Originally Posted by Chuckit View Post
This is a bizarre way of looking at things. That's like refusing to pay for groceries because you already paid for the car and gas to get to the store. Blizzard doesn't make a red cent off your ISP fees.
Since we pay for the bandwidth we use, why shouldn't they do the same? If anything I wouldn't doubt if they wrote it off anyhow.
     
Chuckit
Clinically Insane
Join Date: Oct 2001
Location: San Diego, CA, USA
Status: Offline
Reply With Quote
Mar 30, 2009, 09:15 PM
 
Originally Posted by exca1ibur View Post
Since we pay for the bandwidth we use, why shouldn't they do the same? If anything I wouldn't doubt if they wrote it off anyhow.
I don't follow what you're saying at all. My assertion is that just because you pay for an Internet connection doesn't mean that everybody on the Internet is obligated to offer you their services for free. I don't see how what you said relates to that at all. (And besides, I'm sure Blizzard does pay its Internet bill, so I have even less of an idea what you're talking about.)
Chuck
___
"Instead of either 'multi-talented' or 'multitalented' use 'bisexual'."
     
Randman
Posting Junkie
Join Date: Mar 2004
Location: MacNN database error. Please refresh your browser.
Status: Offline
Reply With Quote
Mar 30, 2009, 09:26 PM
 
Anyone who prefers *lol* Guild Wars over WoW are they type of people who brought the game down. Good riddance, I say.

They probably played hunters and mages.

This is a computer-generated message and needs no signature.
     
shifuimam  (op)
Addicted to MacNN
Join Date: Aug 2006
Location: Somewhere in the Pacific Northwest
Status: Offline
Reply With Quote
Mar 30, 2009, 11:28 PM
 
Originally Posted by Randman View Post
Anyone who prefers *lol* Guild Wars over WoW are they type of people who brought the game down. Good riddance, I say.

They probably played hunters and mages.
What makes you say this?

I mean, really - what would you say is so superior about WoW that would make you indicate that anyone who prefers another MMORPG is somehow a moron or a loser?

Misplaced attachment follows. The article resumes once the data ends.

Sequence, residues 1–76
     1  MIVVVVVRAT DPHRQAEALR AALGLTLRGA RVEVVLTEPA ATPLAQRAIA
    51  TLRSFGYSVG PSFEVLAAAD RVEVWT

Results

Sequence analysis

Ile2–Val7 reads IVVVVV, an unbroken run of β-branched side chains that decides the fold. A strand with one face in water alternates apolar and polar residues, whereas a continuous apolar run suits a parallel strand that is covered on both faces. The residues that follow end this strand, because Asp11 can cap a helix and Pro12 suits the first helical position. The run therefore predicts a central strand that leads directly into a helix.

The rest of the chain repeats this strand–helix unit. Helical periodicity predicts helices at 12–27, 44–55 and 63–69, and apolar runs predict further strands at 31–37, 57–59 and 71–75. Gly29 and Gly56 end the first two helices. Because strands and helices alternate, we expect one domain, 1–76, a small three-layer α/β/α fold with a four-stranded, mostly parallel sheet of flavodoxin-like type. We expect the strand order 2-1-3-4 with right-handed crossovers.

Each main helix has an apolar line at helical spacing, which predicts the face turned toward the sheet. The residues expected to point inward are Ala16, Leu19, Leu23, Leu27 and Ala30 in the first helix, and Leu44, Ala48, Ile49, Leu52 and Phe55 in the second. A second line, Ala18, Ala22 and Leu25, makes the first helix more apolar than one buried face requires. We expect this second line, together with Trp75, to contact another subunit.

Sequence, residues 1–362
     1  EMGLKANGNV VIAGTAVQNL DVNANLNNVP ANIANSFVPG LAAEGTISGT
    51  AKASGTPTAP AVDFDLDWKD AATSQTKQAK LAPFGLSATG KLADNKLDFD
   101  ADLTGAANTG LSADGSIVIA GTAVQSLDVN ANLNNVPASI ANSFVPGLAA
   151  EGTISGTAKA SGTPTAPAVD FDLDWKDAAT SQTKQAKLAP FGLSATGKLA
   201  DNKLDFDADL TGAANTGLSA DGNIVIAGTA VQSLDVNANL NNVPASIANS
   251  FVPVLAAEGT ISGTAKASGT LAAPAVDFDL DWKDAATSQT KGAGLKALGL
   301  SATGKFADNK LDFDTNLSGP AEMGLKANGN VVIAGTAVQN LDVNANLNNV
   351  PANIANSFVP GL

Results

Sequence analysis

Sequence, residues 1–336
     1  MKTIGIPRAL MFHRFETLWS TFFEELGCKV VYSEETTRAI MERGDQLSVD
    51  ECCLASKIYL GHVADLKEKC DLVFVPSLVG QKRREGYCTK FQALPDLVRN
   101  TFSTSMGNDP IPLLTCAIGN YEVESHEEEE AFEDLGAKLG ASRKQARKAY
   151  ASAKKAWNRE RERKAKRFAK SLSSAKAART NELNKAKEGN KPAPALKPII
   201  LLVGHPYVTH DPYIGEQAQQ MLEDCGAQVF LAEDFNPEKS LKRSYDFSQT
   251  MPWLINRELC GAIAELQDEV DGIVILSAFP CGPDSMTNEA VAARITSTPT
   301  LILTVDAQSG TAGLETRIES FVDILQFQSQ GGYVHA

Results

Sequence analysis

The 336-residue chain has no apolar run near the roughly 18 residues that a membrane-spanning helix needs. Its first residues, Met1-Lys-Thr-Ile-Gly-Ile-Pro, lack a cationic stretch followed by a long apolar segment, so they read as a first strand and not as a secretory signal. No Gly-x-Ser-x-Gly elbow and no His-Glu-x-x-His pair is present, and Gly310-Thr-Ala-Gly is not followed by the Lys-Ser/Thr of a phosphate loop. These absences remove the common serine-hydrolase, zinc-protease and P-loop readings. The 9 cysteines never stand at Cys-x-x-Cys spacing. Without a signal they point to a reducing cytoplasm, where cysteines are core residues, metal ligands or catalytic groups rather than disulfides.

Randman
Posting Junkie
Join Date: Mar 2004
Location: MacNN database error. Please refresh your browser.
Status: Offline
Reply With Quote
Mar 30, 2009, 11:54 PM
 
It was partly in facetiousness. But in all seriousness, GW is a pale comparison to WoW.

This is a computer-generated message and needs no signature.
     
olePigeon
Clinically Insane
Join Date: Dec 1999
Status: Offline
Reply With Quote
Mar 31, 2009, 12:24 PM
 
Originally Posted by starman View Post
Ok, wtf is your hate with BLIZZARD? They are NOT the first company to do this.
As I already sated, I have a problem with paying per month to play a game. My dislike for the concept is not exclusive to Blizzard.

Originally Posted by Chuckit View Post
Right-o. I'm sure all those people who bought WOW would have run out and bought useless second, third, fourth…twelfth, thirteenth… copies just to make sure Blizzard got paid for introducing Molten Core, Blackwing Lair, Silithus, Ahn'Qiraj, Zul'Gurub, battlegrounds, new spells, new items, world bosses, world events and the thousand other things that got added for no extra charge.
If I had to buy an expansion, I'm fine with that. Diablo II did that. But to perpetually pay $15 every month seems ridiculous to me.

Originally Posted by Chuckit View Post
If WOW isn't worth the money to you, that's fine. It isn't to me anymore either. But they are giving players something for their money, and from WOW's success, it's clear that most people feel WOW is a better value than, say, Guild Wars.
It's passive pricing. I'm willing to bet if you broke the game down by how much people have payed for it, and how much content was actually delivered, they'd be paying hundreds of dollars for the game plus hundreds of dollars for expansions.

Since the prices aren't broken down and it's "just" $15/month to play, it psychologically feels like a good deal.

Originally Posted by Chuckit View Post
This is a bizarre way of looking at things. That's like refusing to pay for groceries because you already paid for the car and gas to get to the store. Blizzard doesn't make a red cent off your ISP fees.
I think I messed up my examples. It's like paying $60/month for cable TV, then after you buy a TV, the TV manufacturer charges you $15/month to watch cable TV on your television.
"…I contend that we are both atheists. I just believe in one fewer god than
you do. When you understand why you dismiss all the other possible gods,